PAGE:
Monday, March 27, 2017

We Didn’t Solve the Puzzle: Musings from the 40th Annual American Crossword Puzzle Tournament

We take a break from politics to report on the ACPT, one of the truly wonderful events of our time.  We wrestled with some tough puzzles, performed in the Talent Show as a band ("Clueless"), and soaked up the atmosphere with a special group of people.  And for those attendees who asked for the lyrics to our song parody "We Didn't Solve the Puzzle," you can find them at the bottom of this post.

We have just returned from the 40th Annual American Crossword Puzzle Tournament in Stamford, Ct., a weekend-long extravaganza hosted by Will Shortz, the esteemed “enigmatologist” who is, of course, the editor of The New York Times Crossword Puzzle.  Will is not just a legend in the field, but rather he is THE legend in the field.  Will founded the event in 1978 and has presided over each and every one since, and does so with a calm tone (amidst the swirling madness), a gentle voice, and an incredible repository of puzzle arcana – and he is the nicest person you would ever want to meet.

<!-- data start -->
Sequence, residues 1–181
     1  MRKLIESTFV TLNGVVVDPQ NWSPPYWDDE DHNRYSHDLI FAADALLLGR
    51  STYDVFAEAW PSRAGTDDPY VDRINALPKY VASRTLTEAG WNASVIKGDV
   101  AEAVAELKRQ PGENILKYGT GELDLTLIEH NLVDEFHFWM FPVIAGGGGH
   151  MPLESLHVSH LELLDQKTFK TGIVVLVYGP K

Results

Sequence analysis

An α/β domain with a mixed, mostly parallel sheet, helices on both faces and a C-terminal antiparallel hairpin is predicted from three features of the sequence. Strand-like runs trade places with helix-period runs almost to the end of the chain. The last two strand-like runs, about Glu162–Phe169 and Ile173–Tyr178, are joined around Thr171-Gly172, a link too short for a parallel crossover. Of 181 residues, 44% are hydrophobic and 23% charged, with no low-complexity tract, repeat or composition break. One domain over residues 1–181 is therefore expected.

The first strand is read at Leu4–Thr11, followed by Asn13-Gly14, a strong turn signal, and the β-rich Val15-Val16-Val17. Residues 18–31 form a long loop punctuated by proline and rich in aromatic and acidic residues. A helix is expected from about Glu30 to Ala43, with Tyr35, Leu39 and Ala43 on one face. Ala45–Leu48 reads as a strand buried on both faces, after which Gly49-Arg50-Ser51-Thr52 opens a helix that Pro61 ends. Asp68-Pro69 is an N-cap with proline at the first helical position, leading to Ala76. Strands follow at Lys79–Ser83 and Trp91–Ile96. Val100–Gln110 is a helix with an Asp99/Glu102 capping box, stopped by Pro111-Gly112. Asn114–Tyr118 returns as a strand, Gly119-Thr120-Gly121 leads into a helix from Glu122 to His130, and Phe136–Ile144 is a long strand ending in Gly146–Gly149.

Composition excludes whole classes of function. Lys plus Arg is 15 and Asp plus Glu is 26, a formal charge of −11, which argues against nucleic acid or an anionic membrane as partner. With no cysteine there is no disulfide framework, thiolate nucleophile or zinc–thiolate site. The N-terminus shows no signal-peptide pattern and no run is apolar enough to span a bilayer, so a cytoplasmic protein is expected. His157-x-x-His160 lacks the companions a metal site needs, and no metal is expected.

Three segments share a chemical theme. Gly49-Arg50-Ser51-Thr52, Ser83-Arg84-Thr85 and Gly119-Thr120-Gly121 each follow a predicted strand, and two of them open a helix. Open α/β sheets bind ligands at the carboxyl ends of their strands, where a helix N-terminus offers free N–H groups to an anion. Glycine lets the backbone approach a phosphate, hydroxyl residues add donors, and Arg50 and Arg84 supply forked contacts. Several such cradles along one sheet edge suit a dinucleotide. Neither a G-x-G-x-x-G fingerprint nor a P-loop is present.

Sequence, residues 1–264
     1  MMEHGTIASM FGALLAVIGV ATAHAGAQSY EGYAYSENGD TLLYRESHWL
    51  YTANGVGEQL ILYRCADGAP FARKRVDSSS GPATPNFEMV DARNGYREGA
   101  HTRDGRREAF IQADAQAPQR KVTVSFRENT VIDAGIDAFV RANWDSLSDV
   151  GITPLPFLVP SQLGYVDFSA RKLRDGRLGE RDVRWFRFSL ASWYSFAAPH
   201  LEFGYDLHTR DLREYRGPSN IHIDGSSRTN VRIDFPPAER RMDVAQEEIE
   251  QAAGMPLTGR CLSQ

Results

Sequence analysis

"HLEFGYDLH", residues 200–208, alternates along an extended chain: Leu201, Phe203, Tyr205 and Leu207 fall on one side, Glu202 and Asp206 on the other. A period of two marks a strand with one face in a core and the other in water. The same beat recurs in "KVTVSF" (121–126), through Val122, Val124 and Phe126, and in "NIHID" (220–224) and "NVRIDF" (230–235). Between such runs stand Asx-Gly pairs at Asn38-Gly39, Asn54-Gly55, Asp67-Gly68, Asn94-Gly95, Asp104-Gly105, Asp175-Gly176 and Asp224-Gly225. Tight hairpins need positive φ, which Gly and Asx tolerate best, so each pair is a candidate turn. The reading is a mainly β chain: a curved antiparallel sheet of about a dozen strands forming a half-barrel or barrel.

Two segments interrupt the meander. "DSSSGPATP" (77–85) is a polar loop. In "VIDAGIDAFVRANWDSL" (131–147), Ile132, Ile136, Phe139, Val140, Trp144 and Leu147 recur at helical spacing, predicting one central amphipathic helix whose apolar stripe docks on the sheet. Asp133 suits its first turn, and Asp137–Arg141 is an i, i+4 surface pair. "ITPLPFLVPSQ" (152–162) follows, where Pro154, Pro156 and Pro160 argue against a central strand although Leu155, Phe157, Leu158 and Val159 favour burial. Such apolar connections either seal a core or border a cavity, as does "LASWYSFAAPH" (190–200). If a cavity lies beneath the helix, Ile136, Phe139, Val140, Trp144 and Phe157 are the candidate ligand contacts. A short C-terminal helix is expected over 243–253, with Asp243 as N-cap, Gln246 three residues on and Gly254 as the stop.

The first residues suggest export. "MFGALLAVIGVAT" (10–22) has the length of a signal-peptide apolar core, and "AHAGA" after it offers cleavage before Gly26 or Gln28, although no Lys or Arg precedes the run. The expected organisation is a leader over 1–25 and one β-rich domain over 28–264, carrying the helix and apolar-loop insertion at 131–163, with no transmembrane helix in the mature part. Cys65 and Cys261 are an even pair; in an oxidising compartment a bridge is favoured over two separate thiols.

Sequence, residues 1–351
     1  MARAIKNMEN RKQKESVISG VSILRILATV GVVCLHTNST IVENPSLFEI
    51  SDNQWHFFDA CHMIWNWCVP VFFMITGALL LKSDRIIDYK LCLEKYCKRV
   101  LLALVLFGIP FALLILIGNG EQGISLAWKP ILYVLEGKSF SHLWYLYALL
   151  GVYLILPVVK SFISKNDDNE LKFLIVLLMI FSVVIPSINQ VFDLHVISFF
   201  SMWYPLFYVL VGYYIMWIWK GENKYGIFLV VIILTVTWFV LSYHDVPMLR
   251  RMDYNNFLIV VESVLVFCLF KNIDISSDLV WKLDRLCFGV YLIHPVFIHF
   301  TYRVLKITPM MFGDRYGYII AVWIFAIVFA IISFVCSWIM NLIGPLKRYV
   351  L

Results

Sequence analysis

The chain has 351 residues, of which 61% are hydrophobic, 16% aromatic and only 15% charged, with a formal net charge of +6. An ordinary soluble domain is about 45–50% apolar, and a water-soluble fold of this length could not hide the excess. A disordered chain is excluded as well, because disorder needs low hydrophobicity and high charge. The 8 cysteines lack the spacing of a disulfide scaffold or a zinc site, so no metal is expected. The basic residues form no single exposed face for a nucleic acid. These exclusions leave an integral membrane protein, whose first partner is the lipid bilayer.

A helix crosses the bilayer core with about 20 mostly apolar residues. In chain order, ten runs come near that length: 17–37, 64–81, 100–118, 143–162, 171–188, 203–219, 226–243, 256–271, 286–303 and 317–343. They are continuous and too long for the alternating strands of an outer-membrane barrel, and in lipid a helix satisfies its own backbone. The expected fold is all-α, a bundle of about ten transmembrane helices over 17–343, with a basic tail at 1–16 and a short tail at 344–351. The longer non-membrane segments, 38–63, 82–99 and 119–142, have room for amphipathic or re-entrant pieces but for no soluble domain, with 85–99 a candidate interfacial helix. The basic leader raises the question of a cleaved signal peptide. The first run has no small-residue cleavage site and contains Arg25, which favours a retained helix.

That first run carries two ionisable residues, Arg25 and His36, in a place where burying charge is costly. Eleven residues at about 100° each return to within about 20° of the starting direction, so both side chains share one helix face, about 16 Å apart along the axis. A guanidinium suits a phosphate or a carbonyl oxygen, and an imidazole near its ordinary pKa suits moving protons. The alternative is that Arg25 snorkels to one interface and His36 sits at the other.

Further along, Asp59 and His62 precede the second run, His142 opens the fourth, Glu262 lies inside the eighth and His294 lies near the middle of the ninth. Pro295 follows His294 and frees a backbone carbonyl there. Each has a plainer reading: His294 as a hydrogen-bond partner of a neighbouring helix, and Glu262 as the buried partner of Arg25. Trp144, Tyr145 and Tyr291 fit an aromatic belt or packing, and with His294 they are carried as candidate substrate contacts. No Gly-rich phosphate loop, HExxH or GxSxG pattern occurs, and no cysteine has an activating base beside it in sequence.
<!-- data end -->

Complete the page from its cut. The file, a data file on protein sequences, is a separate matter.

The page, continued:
Will and his trusty crew of volunteers (dozens of them) put on quite a show.  The main event is a seven-puzzle competition, which attracted 619 entrants this year, up from 575 a year ago.  While it is open to all (for a modest fee), it attracts the best solvers on the planet (and the constructors who create the special puzzles used at the event are the best as well).  And surrounding the competition are an array of ancillary events including, this year, a Palindrome Championship, two nights of additional contests just for fun, a rather fulsome awards ceremony and a talent show to boot (“Crossworders Got Talent”).

For eleven years, from 2005 to 2015, the contest has been dominated by two men, Tyler Hinman, who won the tournament the first five of those years, and Dan Feyer, who unseated Hinman and whipped off six straight championships of his own.  Feyer and Hinman are prototypes of classic sports match-ups, with Hinman playing the role of the colorful and emotive crowd favorite, while Feyer is the cool machine, methodical and menacing.  Substitute the names Palmer versus Nicklaus, Ali versus Frazier, Mickelson versus Woods or Namath versus Unitas and you get the idea rather neatly.